Full of Hell and Nothing – When No Birds Sang (Closed Casket Activities)Monday, 20th November 2023
With so many collaborations under their belt, Maryland/Pennsylvania’s Full of Hell might as well be called Full of Help. Not a diss at all, in fact, it’s the opposite: Full of Hell knows who to work with and what it takes to bring out the best of both parties. This reviewer came to know the grind stalwarts back in 2014 when Full of Hell + Merzbow was released, and that record established the band as a force to reckon with in the underground. More partnerships came to fruition with The Body, Health, Primitive Man, and their most unlikely sonic co-architects yet, Nothing.
Full of Nothing materialized from a shirt released to benefit organizations supporting BLM back in 2020. Roadburn called next, and a special set featuring both bands under the same moniker graced the stage and the 20-minute set offered an embryonic peek at what they cooked together. When No Birds Sang starts out with a bang, as “Rose Tinted World” kicks the door open with Dylan Walker’s goblin screams and searing riffs. This track screams FoH until we get to the second half, where Nothing’s gentle and desolate strumming coupled with morning news samples give a sense of being overwhelmed with the world’s troubles; and the point where one’s mind snaps is perfectly encapsulated by the noise segment rounding up the song. Genius. “Like Stars in the Firmament” slowly creeps up to the listener as Domenic Palermo gently whispers “I don’t wanna die” while the song reveals itself as Ring Around the Rosie’s dessicated future self, tired of tomorrow and guilty of everything.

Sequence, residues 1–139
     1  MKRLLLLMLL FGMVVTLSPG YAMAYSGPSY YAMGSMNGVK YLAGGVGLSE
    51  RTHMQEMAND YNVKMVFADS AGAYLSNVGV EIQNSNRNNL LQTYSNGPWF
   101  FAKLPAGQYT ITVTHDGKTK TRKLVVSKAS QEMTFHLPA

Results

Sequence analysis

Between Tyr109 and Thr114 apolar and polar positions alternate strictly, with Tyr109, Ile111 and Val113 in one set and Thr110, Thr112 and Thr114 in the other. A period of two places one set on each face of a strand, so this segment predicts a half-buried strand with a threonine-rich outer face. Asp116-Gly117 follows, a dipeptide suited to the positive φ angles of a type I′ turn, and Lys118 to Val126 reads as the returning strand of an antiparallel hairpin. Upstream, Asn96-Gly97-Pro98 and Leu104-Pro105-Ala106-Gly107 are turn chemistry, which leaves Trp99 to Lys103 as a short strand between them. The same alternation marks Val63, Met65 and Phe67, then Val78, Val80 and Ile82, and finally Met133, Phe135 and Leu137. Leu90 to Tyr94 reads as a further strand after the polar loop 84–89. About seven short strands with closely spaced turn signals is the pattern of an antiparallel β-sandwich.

While the first two songs are distinct identities of both bands, “Forever Well” truly shows the two acts meshing together and the foreboding sense of dread coupled with devastating payoffs is amplified a thousand-fold as Spencer and Domenic’s caveman riffs intertwine with Doyle Martin’s e-bow wizardry. This record is notable for the lack of Hazard’s flying fretboard fury but it’s not detrimental to the entire record’s vibe at all. The man truly knows what riffs serve a song. “Wild Blue” is the album’s escape into the void while the title track is a rare ray of sunbeam in an otherwise cloudy and full-of-hail (heh) record mood-wise. The reverberating shoegaze shimmer of Nothing never fails to tug at heartstrings, but final track and debut single “Spend the Grace” yanks the beating cardiac muscle right out of your chest and stomps at it furiously. It’s a perfect ending to an equally beautiful and monstrous album made by two of the most prolific and soul-crushing bands today.
My only slight gripe about this record is that we didn’t get a Dylan Walker-Domenic Palermo vocal match-up. I wouldn’t miss a potentially harmonic pairing of Full of Hell’s Gollum shrieks and Nothing’s depressed whispers for the world. Here’s hoping that both bands have more to say together.